“He’s dealt with it his whole life,” Grey said. “What a tough kid. It’s a pretty special thing when he got to trot out there on the field because he had to work his butt off to get there.”

Even more impressive, Grey said, is that Neil never uses his vision as a crutch.

“Life’s been a little bit different for him. For him it’s normal,” Grey said. “It’s never an excuse. He’s never made an excuse. He’s got the built in excuse, and he never uses it. He’s never an excuse guy. He just gives you everything he has.”

That’s why Grey will never bet against Neil’s and his goal of playing college football. Neil, a member of the National Honor Society, said he has talked with Montana Tech and Carroll College and “kind of” the University of Montana.

He said he’d like to play offense at the next level, even though he has excelled at cornerback.

“He did a nice job as a corner. He made some big plays for us this year,” Grey said. “He did a nice job in the run game because he gives you that explosive run. He’s a hard runner. Not only can he bust a big one, because he’s busted big ones this year, but he is also physical. He can run people over.”

Grey said that Neil would fit nicely in a college program as a slot receiver because he runs nice routs and has the kind of speed to “take the top off the coverage.”

“He brings quite a bit to the table,” Grey said “He’s a good student. He’s a good person. He’s great in the weight room. Then you go to the field stuff, and he’s explosive. He’s got a high football IQ. He plays the game the way it is supposed to be played, hard.”

Butte High’s Josh Neil, left, and Tommy Mellott run the 100-meter dash among a trio of Bozeman Hawks during a May 10 meet on the Charlie Merrifield Track. (Butte Sports file photo)

Neil is the same way on the track, where he ran a leg on both Butte High relay teams at the Class AA State meet in Great Falls in May. He ran the opening leg of the 400-relay and the anchor of the 1,600.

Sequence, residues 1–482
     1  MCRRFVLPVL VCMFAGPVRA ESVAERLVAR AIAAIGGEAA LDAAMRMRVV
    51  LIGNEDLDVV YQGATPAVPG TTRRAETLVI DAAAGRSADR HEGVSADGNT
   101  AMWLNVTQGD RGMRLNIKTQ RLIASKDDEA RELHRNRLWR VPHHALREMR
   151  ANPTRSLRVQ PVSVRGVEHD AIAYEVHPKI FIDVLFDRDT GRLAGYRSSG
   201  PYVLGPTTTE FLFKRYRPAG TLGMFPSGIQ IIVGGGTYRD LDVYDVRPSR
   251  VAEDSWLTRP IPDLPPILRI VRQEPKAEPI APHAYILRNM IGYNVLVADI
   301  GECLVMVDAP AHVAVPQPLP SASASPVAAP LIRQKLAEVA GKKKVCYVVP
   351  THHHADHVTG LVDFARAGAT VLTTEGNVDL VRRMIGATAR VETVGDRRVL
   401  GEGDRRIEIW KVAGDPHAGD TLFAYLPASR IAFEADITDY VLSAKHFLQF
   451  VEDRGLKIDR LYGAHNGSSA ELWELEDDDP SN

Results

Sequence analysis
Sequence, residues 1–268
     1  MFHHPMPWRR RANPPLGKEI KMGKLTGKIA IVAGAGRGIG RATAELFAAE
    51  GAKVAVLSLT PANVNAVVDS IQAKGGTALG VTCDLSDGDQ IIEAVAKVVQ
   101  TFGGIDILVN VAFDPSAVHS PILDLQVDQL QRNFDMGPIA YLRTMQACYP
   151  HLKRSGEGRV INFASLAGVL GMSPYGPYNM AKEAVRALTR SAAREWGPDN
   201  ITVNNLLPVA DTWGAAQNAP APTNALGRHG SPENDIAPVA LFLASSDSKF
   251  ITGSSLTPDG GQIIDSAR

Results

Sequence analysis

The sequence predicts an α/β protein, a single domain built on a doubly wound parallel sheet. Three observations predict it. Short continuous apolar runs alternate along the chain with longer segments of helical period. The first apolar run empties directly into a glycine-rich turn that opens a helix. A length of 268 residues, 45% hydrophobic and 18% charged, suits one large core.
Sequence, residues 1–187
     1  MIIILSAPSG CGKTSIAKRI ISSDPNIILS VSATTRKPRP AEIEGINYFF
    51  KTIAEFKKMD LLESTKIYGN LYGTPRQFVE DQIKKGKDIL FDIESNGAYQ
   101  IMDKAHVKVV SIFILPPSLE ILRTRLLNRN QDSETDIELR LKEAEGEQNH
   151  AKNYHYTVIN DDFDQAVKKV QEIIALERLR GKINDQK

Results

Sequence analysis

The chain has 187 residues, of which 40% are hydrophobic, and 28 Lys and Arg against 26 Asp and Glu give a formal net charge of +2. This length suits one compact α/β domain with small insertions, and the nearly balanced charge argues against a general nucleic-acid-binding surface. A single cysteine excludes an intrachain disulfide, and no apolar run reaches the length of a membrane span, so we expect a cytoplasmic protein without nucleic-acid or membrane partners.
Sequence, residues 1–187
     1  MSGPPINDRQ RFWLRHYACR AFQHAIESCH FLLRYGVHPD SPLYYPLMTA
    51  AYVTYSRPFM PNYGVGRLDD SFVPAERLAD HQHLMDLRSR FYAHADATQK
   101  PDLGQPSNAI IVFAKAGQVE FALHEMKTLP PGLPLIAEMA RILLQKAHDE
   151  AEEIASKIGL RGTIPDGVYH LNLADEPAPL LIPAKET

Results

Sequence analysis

Jake Vetter, Tommy Mellott, Quinn Sullivan and Neil took home third-place medals with a time of 3 minutes, 26.29 seconds in the long relay.

“That was crazy,” Neil said. “I did not expect that, but it was cool when it happened.”

It was no coincidence that Neil ran the final leg of that relay. Grey said his competitive nature made him an easy choice for the spot.

Grey said Neil looked puzzled when he told him he would take the baton fourth.

“I was like, well, ‘You’re the most competitive guy we have, and I know that you will do everything in your power to get that baton across the finish line,’ Grey said. “There’s so many things about him that I love him to death and are so amazing to me. The thing that he does is he leaves the field exhausted every time. Whatever sport he is in, he leaves it out there. That is rare. That is a special thing to see. He is the ultimate competitor.”

Neil, who also competed at state in the 100-meter dash and the long jump, is already looking forward to the track season.

He said he is planning on improving his personal-best time of 11.3 seconds in the 100 to under 11 seconds.

Until then, Neil be there for his teammates in another way, a way that just might be more impressive than scoring a bunch of touchdowns.

“Josh is an ultimate program guy,” Grey said. “His leadership in the leadership council, as a captain, in the weight room and all the off-the-field stuff is truly amazing. What I’m truly proud of him is it hasn’t missed a beat since he’s been out.

“I’m excited about him and his future because he’s going to be phenomenal whatever he does.”